World Economic Forum, Bio-Innovation Dialogue Initiative
As a leading life science company, Bayer is aligned with the long-term market trends in health and nutrition and offers innovative and sustainable solutions to tackle some of the key challenges for humanity. Bayer brings to the table an extensive knowledge of human and plant science, supported by its expertise in regulatory processes and an impressive global footprint to ultimately bring innovations from labs to market. https://www.youtube-nocookie.com/embed/EYE1gya7XiM?autoplay=1&start=0&rel=0
The Bio Revolution marks the beginning of a new era: Innovations enabled by the convergence of biology and technology have the potential to significantly improve our lives, our nutrition, and our health.
Did you know that Bayer is at the forefront of the wave of innovation coming from the Bio Revolution?
The Bio Revolution is expected to transform healthcare and agriculture over the next decades – but the revolution is already happening now. With its newly established cell and gene therapy platform in Pharmaceuticals and innovative gene-editing tools such as CRISPR, Bayer operates at the core of the Bio Revolution and has tremendous opportunities to improve health and nutrition.
In Pharma, Bayer’s new Cell & Gene Therapy (CGT) platform steers our strategy in the area and orchestrates our activities along the value chain providing an innovation ecosystem for the companies – including BlueRock Therapeutics and Asklepios BioPharmaceutical (AskBio), which are fully owned by Bayer but operate autonomously. These therapies hold the potential to significantly impact patients’ lives by moving from treating symptoms to potentially curative approaches.
Bayer’s development portfolio of cell and gene therapies already comprises eight advanced assets in different stages of clinical development. These are applicable in multiple therapeutic areas with high unmet need, such as neurodegenerative, neuromuscular and cardiovascular indications, with programs in Pompe disease, Parkinson’s disease, hemophilia A, and congestive heart failure. With over 15 preclinical assets in the cell and gene therapy field, the pipeline is expected to grow steadily year by year.
Yet Bayer is not only using biotechnology to advance health – the promise for agriculture is just as inspiring. In the Crop Science Division, for example, tools like CRISPR can make changes to plant DNA with more precision than ever before and make plants more weather- or disease-resistant, enabling farmers to grow more or better-quality products under changing conditions.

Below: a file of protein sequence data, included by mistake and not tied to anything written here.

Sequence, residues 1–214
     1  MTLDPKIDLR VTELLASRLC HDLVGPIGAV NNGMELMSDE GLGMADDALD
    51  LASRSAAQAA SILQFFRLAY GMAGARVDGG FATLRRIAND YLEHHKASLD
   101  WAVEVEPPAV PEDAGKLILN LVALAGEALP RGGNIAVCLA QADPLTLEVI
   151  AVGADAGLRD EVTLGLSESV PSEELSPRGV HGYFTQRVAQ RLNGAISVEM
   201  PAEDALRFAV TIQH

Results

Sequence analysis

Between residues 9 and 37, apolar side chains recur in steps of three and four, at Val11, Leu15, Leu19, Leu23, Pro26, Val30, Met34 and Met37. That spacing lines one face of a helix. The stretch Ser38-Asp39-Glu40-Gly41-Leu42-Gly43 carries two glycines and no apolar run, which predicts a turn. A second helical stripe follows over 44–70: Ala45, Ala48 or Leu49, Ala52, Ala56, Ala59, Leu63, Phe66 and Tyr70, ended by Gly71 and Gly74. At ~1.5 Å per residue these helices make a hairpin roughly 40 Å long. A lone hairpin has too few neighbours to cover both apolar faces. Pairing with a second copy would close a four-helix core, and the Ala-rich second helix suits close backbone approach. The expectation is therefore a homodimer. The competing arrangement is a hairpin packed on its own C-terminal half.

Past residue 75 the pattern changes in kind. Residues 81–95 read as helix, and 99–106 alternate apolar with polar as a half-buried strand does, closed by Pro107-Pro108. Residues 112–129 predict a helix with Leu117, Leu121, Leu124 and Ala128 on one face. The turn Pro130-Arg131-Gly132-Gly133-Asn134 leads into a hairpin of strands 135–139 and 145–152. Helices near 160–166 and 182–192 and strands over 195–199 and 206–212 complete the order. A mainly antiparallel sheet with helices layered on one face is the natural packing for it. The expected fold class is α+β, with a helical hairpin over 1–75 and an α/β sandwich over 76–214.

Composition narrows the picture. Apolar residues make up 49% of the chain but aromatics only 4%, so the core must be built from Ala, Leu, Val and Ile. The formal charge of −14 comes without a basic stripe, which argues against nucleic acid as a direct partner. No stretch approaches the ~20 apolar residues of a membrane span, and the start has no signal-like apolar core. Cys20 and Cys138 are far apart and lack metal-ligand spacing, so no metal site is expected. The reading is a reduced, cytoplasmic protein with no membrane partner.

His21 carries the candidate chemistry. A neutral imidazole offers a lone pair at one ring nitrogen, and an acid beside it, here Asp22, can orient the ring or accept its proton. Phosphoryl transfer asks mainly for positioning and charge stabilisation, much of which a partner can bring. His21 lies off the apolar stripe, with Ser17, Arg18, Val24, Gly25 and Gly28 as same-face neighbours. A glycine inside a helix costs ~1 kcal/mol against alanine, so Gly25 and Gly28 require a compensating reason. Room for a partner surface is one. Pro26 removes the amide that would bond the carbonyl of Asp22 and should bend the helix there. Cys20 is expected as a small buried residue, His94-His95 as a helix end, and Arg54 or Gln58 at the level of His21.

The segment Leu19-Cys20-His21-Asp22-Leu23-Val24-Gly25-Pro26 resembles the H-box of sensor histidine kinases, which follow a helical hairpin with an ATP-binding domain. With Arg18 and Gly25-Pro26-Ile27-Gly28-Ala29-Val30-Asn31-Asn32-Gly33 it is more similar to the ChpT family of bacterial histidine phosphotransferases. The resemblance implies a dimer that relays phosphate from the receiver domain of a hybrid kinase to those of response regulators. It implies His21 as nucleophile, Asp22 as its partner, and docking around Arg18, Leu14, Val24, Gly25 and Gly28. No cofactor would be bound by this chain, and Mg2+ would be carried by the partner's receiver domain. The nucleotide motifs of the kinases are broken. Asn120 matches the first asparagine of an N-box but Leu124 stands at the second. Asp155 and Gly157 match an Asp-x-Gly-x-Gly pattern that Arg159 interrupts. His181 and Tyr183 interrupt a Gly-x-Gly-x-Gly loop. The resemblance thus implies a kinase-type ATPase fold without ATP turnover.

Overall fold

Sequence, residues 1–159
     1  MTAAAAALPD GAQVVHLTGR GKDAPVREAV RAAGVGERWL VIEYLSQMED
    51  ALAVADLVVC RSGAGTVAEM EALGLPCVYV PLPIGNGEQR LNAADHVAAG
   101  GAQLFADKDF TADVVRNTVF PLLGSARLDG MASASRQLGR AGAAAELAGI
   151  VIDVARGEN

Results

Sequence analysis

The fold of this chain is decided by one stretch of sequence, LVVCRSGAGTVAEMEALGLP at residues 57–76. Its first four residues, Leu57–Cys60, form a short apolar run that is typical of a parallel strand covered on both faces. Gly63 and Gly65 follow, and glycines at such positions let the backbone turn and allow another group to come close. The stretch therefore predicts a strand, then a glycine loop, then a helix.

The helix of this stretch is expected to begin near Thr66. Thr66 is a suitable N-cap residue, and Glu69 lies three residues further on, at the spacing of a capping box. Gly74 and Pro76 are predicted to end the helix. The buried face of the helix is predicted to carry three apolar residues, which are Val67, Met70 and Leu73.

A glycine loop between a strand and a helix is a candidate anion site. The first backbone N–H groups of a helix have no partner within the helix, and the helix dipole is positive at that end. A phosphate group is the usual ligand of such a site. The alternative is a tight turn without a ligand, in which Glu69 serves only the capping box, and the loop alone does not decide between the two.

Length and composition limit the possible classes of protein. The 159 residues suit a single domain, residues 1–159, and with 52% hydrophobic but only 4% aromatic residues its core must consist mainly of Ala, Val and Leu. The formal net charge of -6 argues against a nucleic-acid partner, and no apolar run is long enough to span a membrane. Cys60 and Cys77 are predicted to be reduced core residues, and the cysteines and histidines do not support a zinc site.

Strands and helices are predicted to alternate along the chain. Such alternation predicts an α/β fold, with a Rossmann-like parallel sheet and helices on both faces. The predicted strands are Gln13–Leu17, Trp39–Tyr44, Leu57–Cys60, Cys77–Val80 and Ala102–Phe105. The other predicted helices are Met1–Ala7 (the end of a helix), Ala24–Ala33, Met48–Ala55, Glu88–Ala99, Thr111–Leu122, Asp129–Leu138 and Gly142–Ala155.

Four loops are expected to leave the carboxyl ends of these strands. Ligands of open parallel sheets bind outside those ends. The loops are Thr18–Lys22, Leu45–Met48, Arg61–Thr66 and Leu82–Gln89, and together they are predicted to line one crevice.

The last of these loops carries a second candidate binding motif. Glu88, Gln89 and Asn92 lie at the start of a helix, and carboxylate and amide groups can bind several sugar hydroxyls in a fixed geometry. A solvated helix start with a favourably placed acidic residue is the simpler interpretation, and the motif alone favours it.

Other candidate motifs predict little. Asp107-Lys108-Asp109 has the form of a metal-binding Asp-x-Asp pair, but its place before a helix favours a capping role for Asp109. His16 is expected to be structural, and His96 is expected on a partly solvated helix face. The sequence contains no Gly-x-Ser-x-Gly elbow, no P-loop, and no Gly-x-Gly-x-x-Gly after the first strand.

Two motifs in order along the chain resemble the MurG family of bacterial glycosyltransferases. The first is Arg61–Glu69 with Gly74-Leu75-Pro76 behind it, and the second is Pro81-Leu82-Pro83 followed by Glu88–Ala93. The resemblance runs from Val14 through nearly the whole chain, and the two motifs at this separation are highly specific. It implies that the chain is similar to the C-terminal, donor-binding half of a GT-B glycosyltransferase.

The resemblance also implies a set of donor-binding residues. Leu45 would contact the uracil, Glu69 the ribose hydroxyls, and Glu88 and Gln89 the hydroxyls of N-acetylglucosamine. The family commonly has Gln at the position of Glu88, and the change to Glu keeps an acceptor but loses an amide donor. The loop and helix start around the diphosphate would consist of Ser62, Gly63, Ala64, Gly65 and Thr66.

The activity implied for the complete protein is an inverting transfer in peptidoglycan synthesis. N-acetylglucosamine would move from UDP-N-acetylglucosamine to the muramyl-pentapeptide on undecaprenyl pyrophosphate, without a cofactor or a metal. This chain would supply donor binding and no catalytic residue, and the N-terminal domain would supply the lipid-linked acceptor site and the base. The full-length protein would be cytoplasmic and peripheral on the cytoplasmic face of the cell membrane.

Did you know that Leaps by Bayer invests into potentially disruptive technologies to tackle some of the largest, unsolved challenges in the life sciences?
With Leaps by Bayer – our impact investment approach utilizing venture capital – we are constantly scanning for additional potential breakthroughs that hold promise to either cure or treat people from diseases or help feed a growing population with less impact on the environment.
Since 2015, Leaps by Bayer has invested over $1 billion in ventures that tackle fundamental breakthroughs and shift core paradigms in our industries.
Leaps by Bayer has an investment focus on potentially disruptive solutions in the fields of healthcare and agriculture. The Leaps investment approach is remarkable: It aims to invest into or build up new innovative companies. Bayer supports those companies by enabling the exchange of proprietary assets, which can include sharing own patents or providing access to the Bayer network’s technical capabilities and 150 years of expertise. The companies remain autonomous with respect to decision making, while Leaps facilitates and supports them in a so-called active incubation process. Experienced team members actively engage in the young companies’ development by providing resources and helping them to steer the initial strategic direction. Today, the investment portfolio includes more than 35 companies advancing potential breakthrough technologies.
Leaps is our way of thinking big.
Werner Baumann, CEO of Bayer AG
Many Leaps ventures have made significant progress towards unlocking the potential of new technology platforms with a promising and transformative potential. BlueRock Therapeutics, for example, started as a Leaps investment and is now an integral part of Bayer’s CGT platform and just received clearance to proceed with a phase I trial in Parkinson’s disease.
Other companies, like the biopharmaceutical player Triumvira, are specialized on next generation immuno-oncology treatments. Triumvira focuses on novel T-cell therapies that aim to be safer and more efficacious than current cell therapy cancer treatments. Treating, curing and preventing cancer is one of the focus areas of Leaps by Bayer, since this group of diseases still represents one of today’s biggest health challenges with limited curative or preventative therapies available.
We face a huge disease burden, and the way we produce food isn’t sustainable for the planet. I believe the Bio Revolution can help us overcome these issues.
Jürgen Eckhardt, Head of Leaps by Bayer
Leaps is also investing in the development of sustainable biotechnological solutions in the field of agriculture. One of the ventures in this field is Joyn Bio, a company that aims to significantly reduce the environmental impact of synthetic nitrogen fertilizers through a technology that fixes nitrogen into the soil. Nitrogen is one of the most important nutrients essential for every plant to grow, however, its use and production as a fertilizer is estimated to contribute 3-5% to all global greenhouse gas emissions. Joyn Bio is working on an engineered microbe that enables cereal crops like corn, wheat, and rice to convert nitrogen from the air into a form they can use to grow. This technology may have the potential to help farmers use nitrogen in new ways, and as a result, reduce agriculture’s environmental footprint.
The Leaps by Bayer investment portfolio includes more than 35 companies.
At least that’s what Bayer says. All I know is that they’re still running the show.
To be continued?